I open this Easter post with a scripture that never fails to make me weep – not in sadness, but in wonder and overwhelming joy. This particular lesson was one of my father’s particular favorites, which likely adds to my joyful tears. Whenever I read it, I hear his voice in my head. Many of us experience times and events that are so imprinted in our mind that they are truly unforgettable. Either my father shared this only with me, or the memories of my brothers are less vivid. They have scant, if any, remembrance of this as among my Daddy’s many favored and oft-studied scripture, even though they are also familiar with the scriptures. But as for me, the words of Luke 24:13-25 spark and crackle like a mighty flame, and I never fail to be moved, Please take the time to read this scripture, if you are not familiar with it, or would like a reminder. I will not print it within this post, but I will reproduce three versions of it on a separate page that you can link to from a “Road to Emmaus” page near the header of this, the “Home” page. The final lines of verse 35, in each of the disparate versions turn out to one almost identical. This is something I realized recently, though I know I am not the first or only one to notice, Perhaps it’s because St, Luke write the original because the event was so patently clear, and unambiguous, that there was no other way to put it! First thing I think of as I read about Cleopas and the other on the walk is the utter sadness in which they carried themselves along. The very hope, not just of their own lives, but of the entire world; the very One who was to deliver them from oppression not only of the Romans, but of their own inner thoughts; their beloved friend who walked and talked with them for three years, giving of himself to all who needed him; this Son of God and Son of Man, who would surely live forever–this their Messiah, love incarnate, was dead, Crucified so cruelly and ignominiously upon a wooden cross, with nails in hands and feet. The more they thought and spoke of it, the more they wanted to escape their hopes and dreams. But a man joined them on that road – it was about a seven mile walk from Jerusalem to Emmaus – who was clueless to all the activity of that Passover weekend. They couldn’t believe how anyone could be so ignorant. They may even have felt insulted that something that grieved them so gave this stranger no pause. And then it happened. What even to this day must be the greatest, clearest, and most concise Bible lessons ever given. I would give almost anything to have been there, wouldn’t you? The curious lack of recognition of Jesus by some of the friends who knew him best has frequently been a stumbling block to many. I cannot explain it, nor do I believe it needs explanation (but that’s just me). But if I was absolutely convinced that my best friend was dead and entombed, I certainly would not expect to see him in the flesh again. This concise and beautifully laid out lesson about the promise of the Messiah and how it would all turn out must have left the men dumbfounded. As they drew near to their home by the “Warm Waters” (a translation of Emmaus), they wanted more, and invited the strange to dine with them, and he reluctantly agreed. There were women there at the home, too – who else would have prepared the meal, praying over each course, as was the custom. It came time to break the bread, and as this stranger broke it, and blessed it — the words of the blessing are not recorded, nor even if Jesus spoke them, but I am forever reminded of a very old “blessing of the bread” written by a Semitic poet, that goes something like this:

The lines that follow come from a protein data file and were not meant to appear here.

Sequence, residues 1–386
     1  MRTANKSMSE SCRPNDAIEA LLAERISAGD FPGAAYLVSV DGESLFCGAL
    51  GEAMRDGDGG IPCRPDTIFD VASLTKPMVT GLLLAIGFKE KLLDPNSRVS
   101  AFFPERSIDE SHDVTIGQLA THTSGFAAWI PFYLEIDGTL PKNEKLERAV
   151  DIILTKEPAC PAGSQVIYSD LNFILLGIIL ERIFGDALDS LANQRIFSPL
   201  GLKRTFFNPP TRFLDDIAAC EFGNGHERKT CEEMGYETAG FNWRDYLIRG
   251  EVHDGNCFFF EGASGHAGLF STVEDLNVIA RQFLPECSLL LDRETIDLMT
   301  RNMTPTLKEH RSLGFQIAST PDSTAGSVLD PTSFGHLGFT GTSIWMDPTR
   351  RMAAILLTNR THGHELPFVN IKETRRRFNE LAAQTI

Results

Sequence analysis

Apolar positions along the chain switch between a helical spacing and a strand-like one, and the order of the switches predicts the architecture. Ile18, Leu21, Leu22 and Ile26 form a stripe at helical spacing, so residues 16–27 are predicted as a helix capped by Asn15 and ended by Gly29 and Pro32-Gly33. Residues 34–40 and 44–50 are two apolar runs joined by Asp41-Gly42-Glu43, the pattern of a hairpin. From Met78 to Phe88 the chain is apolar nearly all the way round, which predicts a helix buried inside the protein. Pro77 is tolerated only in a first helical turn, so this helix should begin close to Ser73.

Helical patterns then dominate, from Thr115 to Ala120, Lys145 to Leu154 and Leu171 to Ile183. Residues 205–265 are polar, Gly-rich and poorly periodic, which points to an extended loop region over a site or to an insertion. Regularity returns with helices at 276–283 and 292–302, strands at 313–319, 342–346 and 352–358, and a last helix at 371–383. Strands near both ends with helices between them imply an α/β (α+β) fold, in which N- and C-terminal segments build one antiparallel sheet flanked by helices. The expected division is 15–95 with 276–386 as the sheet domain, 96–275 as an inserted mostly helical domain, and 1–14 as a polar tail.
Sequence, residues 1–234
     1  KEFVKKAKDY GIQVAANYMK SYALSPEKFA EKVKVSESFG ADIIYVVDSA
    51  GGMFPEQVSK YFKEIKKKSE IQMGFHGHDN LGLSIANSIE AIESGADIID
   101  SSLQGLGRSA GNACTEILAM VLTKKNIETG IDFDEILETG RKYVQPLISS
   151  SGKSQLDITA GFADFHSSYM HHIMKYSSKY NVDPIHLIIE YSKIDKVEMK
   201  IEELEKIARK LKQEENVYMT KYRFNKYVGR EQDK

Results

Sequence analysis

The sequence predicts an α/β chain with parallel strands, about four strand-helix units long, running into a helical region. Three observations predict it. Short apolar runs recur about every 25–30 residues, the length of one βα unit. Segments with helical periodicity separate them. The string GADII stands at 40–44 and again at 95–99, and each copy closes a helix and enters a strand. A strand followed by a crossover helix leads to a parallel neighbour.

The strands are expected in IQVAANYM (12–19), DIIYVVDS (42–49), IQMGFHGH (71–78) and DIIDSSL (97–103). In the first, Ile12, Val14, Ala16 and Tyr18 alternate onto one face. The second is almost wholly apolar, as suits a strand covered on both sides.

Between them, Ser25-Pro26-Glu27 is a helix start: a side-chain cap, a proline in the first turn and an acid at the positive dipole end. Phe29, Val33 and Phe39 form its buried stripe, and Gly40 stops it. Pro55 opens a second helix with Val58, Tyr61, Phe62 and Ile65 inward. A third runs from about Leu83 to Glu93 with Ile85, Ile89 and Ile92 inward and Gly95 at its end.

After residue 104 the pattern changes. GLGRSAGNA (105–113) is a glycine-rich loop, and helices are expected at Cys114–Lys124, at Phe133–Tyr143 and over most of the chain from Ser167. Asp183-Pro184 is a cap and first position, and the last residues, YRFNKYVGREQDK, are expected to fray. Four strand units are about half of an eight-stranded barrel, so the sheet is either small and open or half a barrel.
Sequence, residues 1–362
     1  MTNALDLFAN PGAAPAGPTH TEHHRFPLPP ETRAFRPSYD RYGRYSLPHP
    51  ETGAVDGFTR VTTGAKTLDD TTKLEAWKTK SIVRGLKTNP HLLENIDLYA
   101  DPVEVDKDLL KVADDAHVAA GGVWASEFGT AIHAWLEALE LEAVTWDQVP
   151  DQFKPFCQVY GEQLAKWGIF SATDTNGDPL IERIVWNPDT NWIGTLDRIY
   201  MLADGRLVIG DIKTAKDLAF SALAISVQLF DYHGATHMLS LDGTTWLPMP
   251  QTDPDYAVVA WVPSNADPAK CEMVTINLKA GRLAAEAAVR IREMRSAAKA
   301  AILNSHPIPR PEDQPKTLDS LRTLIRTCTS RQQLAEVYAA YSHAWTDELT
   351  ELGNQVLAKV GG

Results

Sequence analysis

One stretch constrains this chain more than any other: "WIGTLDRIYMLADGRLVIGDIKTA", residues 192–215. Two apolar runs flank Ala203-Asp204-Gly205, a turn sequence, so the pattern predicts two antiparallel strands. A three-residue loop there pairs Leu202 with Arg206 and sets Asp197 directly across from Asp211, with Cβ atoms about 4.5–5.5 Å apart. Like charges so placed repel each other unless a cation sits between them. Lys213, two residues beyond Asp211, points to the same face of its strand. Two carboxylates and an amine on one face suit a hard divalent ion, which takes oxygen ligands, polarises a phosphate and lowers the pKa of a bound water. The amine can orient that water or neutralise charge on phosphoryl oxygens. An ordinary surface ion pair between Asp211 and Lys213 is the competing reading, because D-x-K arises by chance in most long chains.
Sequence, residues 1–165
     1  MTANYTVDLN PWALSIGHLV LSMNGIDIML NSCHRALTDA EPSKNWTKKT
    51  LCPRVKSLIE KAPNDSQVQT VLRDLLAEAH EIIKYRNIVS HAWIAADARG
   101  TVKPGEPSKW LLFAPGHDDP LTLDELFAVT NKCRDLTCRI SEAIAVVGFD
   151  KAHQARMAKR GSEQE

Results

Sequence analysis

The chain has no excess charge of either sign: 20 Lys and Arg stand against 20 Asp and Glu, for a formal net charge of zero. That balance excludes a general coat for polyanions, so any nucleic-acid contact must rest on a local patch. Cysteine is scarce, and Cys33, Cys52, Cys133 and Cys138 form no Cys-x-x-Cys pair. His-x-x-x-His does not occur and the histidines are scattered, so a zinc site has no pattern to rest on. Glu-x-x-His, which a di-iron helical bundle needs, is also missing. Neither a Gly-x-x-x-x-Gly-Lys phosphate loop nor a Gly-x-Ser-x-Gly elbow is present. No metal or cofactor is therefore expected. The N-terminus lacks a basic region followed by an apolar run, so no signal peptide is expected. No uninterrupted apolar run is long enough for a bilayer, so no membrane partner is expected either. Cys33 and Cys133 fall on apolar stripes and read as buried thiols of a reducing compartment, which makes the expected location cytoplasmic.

“Back of the loaf is the snowy flour, Back of the flour, the mill, Back of the mill is the wheat and the sower, and the sun, and the Father’s will.”
No, it is not a blessing in the traditional sense, but it brings to my mind each time I think of it, that no matter how much work is done by human hands to bring us our daily bread, we have, first and foremost, our loving Father God to offer our thanksgiving. The celebration of Eucharist (Communion) is a supremely sacred time for me; because in the breaking of the bread, and the sharing around the table, with whosoever comes, Christ is “re-membered,” joined together as one body, and truly known. Because of ongoing physical issues, I was unable to attend our church’s glorious Easter celebration yesterday. In body. My heart, mind, and spirit were there and shared the holy time with them all, and I offer my thanks for all the prayers of healing and love that were sent to God on my behalf. And thanks as well to the wonderful Debbie McConnell who sent me the beautiful bouquet of some of the flowers that had been used to create the beautiful cross of flowers that church members create each Easter. I believe I posted a photo of last year’s cross last Easter. As always, I m blessed with the abundance of enough, and I pray the same for you all. Even though it is one day after Easter, when you stop and think about it, every morning is Easter morning. . . Enough. . .